Did you ever see history portrayed as an old man with a wise brow and pulseless heart, waging all things in the balance of reason?
Is not rather the genius of history like an eternal, imploring maiden, full of fire, with a burning heart and flaming soul, humanly warm and humanly beautiful?
Training a telescope on one’s own belly button will only reveal lint. You like that? You go right on staring at it. I prefer looking at galaxies.
-- Sarah Hoyt
SAS and SPSS are tools, R is a programming language (of sorts), so it's mostly up to what you want to achieve.
Keep in mind that R isn't intended to be anything but a specialized language that never will be mainstream.
Also note that I have no personal experience with R, I've only read up on it a bit to see if we have any use for it.
We're having a couple of people here that uses SPSS. They're not happy about it. It suffers badly from featuritis while lacking usability and stability.
So yes, I'm interested in hearing your opinion on SAS.
I used it about 3 years ago... I worked with it for a about five years up to that point (versions 8 through 9.1).
1. Licensing was always an issue. They were stuck on some old mainframe idea of charging per processing core. If you tried to run it on a modern Linux or Windows box it became unaffordable without a long negotiations fight.
2. It requires a mind shift to realign with their programming practices. All the SQL you might know and love is backwards in the world of SAS, which processes everything more like a cursor. So while that is not necessarily bad, it is uncomfortable until you understand it.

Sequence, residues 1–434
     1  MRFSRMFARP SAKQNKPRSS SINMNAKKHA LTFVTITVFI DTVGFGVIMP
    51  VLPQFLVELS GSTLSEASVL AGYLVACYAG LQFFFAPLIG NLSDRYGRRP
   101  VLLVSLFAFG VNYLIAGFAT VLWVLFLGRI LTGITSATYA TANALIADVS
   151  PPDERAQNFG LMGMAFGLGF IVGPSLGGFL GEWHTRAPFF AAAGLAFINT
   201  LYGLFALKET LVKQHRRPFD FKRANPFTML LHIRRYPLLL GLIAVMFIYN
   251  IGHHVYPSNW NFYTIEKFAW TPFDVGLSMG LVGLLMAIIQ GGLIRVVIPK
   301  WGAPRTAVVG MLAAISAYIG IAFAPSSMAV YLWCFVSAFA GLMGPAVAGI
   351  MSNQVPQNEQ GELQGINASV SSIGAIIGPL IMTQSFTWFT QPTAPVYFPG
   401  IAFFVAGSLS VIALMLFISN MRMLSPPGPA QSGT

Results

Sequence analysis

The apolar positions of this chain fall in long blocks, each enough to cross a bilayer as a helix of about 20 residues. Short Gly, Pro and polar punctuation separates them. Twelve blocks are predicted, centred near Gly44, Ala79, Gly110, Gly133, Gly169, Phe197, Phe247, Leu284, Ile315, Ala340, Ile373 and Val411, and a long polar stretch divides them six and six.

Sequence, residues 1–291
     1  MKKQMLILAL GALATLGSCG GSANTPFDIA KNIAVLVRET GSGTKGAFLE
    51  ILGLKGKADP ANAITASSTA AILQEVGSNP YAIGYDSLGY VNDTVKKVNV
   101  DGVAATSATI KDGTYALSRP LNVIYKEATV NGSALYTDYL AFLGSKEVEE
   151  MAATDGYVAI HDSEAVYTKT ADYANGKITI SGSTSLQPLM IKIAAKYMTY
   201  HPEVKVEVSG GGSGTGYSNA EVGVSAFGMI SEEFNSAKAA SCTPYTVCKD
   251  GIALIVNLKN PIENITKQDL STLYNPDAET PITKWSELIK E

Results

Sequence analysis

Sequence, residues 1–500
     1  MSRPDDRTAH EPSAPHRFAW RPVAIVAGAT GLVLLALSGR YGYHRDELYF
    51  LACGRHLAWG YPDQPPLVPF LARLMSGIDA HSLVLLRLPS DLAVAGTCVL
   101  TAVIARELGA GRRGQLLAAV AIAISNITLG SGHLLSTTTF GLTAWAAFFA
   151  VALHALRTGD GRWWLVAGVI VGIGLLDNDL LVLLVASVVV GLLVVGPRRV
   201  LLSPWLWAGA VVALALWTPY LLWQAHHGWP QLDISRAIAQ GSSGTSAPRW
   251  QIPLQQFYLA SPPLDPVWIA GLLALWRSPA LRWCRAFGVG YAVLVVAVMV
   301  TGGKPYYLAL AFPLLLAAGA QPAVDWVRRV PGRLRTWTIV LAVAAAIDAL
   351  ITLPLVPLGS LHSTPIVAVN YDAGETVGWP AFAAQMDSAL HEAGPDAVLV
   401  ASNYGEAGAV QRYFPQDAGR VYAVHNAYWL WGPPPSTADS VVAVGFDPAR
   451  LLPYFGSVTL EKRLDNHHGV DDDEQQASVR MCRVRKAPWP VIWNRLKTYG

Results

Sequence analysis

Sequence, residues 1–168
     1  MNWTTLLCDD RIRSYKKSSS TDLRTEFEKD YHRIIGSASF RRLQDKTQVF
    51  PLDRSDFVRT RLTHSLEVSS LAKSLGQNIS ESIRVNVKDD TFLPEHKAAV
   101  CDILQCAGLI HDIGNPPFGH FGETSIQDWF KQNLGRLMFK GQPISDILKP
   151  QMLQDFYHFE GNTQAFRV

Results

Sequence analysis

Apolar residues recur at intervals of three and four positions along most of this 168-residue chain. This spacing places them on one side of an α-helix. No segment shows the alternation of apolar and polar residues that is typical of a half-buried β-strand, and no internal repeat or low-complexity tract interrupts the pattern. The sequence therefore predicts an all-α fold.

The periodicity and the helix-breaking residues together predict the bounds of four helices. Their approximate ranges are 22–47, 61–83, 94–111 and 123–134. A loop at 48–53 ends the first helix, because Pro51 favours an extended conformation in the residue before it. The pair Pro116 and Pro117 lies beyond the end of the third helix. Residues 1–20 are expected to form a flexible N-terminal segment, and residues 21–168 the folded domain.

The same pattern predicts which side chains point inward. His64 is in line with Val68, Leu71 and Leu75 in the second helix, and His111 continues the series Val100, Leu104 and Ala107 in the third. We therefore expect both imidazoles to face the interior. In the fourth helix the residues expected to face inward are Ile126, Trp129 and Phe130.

3. The interpreted sas language, which was powerful and useful for its original design (creating massive reports) was terrible if you had a real-time transactional piece inputting or updating to the database. Everything runs best in batch. You will require a 2nd system for transactional input, and require a daily synchronization process at night.
4. The interpreted sas language itself was inconsistently implemented. The syntax around keywords and operators, even for simple things, could be different from one feature to the next, so you were always having to look up documentation (even after 5 years).
5. The compiled SCL language (which I think they were dropping support) had compiler issues. Even adding or removing white space could cause random errors (basically the grammar had bugs and was unreliable). You could spend days tracking down compiler problems in and around SCL.
6. Things that should be easy in other languages are difficult or expensive (additional feature, new license) in sas.
7. Documentation was regularly missing, and unlike more popular languages, I couldn't find what I needed on the web. Maybe that has changed with some of the newer social Q/A sites.
I have a lot more opinions, but those might be related to where I worked, and not the product itself.
Edit: I had a very bad job at the time (on call every other week, multiple calls per night, etc, etc). A bank called and offered a job where I would convert SAS into .NET... I refused because I was not taking another job dealing with SAS It was really that bad.